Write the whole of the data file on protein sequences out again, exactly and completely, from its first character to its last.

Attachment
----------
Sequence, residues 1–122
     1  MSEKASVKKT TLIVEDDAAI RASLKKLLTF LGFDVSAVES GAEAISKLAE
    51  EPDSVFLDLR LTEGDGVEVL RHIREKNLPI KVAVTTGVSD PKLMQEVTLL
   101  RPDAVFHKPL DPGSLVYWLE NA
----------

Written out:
Sequence, residues 1–122
     1  MSEKASVKKT TLIVEDDAAI RASLKKLLTF LGFDVSAVES GAEAISKLAE
    51  EPDSVFLDLR LTEGDGVEVL RHIREKNLPI KVAVTTGVSD PKLMQEVTLL
   101  RPDAVFHKPL DPGSLVYWLE NA